AMS2006-9: Assessing the effect of selection in DNA sequences: Identifying positively selected sites in malaria antigens

Raquel Prado, Daniel Merl and Ananias Escalante
12/31/2006 09:00 AM
Applied Mathematics & Statistics
A novel statistical methodology for inferring natural positive selection at the molecular level is presented. The method is model-based, aiming to describe patterns of codon substitutions in an alignment of DNA sequences.

Bayesian generalized linear models with structured priors are used.

Inference is achieved via customary Markov chain Monte Carlo methods. Model selection between models supporting different hypotheses about site-specific substitutions and/or various degrees of evolutionary divergence, is dealt with via a minimum posterior predictive loss approach.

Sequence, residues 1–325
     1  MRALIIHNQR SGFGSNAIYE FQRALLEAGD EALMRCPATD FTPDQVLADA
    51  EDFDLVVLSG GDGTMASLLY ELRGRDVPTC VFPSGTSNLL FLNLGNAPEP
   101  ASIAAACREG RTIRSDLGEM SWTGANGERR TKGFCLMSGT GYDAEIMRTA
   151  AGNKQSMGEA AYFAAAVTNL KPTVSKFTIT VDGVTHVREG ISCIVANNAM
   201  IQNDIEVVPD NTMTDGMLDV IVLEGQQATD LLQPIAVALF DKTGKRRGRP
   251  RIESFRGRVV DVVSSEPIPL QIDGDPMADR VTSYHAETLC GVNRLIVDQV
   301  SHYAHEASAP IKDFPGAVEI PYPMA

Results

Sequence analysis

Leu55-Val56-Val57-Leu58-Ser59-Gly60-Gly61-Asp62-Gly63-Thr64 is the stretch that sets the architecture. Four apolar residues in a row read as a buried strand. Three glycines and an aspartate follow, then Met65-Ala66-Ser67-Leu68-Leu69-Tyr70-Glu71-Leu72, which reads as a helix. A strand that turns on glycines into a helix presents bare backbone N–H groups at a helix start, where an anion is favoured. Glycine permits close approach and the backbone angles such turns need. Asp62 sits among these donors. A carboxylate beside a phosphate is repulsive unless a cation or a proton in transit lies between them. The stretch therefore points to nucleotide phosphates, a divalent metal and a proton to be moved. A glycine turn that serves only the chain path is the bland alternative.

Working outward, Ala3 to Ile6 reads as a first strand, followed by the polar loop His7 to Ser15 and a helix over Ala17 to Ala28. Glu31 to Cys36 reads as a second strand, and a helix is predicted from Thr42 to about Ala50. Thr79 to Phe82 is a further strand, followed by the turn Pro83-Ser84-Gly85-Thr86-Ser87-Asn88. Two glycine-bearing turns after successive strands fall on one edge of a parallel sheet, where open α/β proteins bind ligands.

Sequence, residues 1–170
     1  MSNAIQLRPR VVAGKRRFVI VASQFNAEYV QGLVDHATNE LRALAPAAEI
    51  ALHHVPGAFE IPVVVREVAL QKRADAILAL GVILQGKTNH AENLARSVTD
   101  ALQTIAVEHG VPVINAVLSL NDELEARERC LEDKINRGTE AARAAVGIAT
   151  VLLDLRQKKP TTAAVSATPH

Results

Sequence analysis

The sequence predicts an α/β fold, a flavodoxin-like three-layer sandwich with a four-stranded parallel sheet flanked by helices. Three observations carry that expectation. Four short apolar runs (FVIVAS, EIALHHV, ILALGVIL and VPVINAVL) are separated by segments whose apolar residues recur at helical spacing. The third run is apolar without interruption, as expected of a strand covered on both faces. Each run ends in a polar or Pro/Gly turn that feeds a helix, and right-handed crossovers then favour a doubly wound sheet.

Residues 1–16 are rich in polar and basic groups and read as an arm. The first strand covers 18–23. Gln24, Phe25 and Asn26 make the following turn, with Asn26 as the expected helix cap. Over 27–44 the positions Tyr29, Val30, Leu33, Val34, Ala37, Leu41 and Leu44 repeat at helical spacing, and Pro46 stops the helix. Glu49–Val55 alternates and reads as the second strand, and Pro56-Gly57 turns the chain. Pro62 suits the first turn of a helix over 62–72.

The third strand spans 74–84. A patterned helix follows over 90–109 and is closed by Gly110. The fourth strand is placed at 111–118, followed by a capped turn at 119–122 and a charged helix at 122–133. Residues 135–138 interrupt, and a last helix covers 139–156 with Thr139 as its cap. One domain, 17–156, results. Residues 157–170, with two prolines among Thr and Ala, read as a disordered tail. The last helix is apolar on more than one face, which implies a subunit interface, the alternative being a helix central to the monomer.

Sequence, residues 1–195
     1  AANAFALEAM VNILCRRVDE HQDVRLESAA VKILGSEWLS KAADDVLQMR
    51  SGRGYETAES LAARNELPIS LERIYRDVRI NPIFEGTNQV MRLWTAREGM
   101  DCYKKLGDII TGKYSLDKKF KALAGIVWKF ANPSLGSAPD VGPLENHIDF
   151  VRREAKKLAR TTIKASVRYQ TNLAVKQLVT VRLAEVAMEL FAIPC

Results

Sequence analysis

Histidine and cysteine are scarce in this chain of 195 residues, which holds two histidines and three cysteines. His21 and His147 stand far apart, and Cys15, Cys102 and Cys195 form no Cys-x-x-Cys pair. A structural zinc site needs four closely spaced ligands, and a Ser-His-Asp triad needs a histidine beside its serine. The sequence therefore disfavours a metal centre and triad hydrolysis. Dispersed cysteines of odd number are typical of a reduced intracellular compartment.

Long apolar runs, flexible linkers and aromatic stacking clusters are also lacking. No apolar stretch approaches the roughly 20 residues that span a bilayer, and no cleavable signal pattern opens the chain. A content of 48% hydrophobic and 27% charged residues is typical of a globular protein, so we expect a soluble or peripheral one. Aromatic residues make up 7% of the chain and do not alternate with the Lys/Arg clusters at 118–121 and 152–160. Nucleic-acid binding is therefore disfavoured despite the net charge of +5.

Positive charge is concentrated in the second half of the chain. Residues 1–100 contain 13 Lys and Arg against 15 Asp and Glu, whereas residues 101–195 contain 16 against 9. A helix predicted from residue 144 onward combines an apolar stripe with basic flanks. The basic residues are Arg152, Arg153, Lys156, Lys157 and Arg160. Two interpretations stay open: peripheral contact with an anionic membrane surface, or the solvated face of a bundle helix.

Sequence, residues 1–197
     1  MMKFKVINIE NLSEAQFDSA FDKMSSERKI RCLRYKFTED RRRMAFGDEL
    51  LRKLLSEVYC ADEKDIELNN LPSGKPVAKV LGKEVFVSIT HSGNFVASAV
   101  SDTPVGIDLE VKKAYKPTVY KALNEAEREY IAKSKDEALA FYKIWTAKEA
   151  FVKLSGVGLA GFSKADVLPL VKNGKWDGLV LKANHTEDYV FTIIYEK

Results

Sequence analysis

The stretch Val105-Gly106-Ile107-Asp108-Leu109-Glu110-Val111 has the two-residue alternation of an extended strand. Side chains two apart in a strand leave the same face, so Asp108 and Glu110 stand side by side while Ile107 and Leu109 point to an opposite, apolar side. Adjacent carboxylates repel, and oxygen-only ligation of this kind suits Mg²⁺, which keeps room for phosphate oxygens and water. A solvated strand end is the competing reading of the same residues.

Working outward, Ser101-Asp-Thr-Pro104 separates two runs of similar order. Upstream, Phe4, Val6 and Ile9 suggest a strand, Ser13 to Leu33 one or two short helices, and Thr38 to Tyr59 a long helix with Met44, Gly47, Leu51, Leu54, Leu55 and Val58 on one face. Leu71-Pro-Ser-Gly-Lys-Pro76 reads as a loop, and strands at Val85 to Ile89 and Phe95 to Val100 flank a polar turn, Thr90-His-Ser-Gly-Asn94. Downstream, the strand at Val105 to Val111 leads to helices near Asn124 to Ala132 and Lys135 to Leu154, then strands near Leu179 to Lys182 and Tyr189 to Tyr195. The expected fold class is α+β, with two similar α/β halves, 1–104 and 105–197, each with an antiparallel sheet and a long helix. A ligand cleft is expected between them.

After a particular model is chosen, posterior distributions for biologically meaningful parameters, such as probabilities of non-synonymous and synonymous substitutions per site and transition to transversion substitution rates ratios, are studied. The proposed methodology was specifically designed to analyze several DNA sequences encoding malaria antigens. Specifically, an analysis of multiple sequences encoding the Apical Membrane Antigen 1 (AMA-1) in the P.falciparum human malaria parasite is presented. The study of genetic variability in the AMA-1 sequences is key to determine whether this antigen is a viable target for a malaria vaccine construct.

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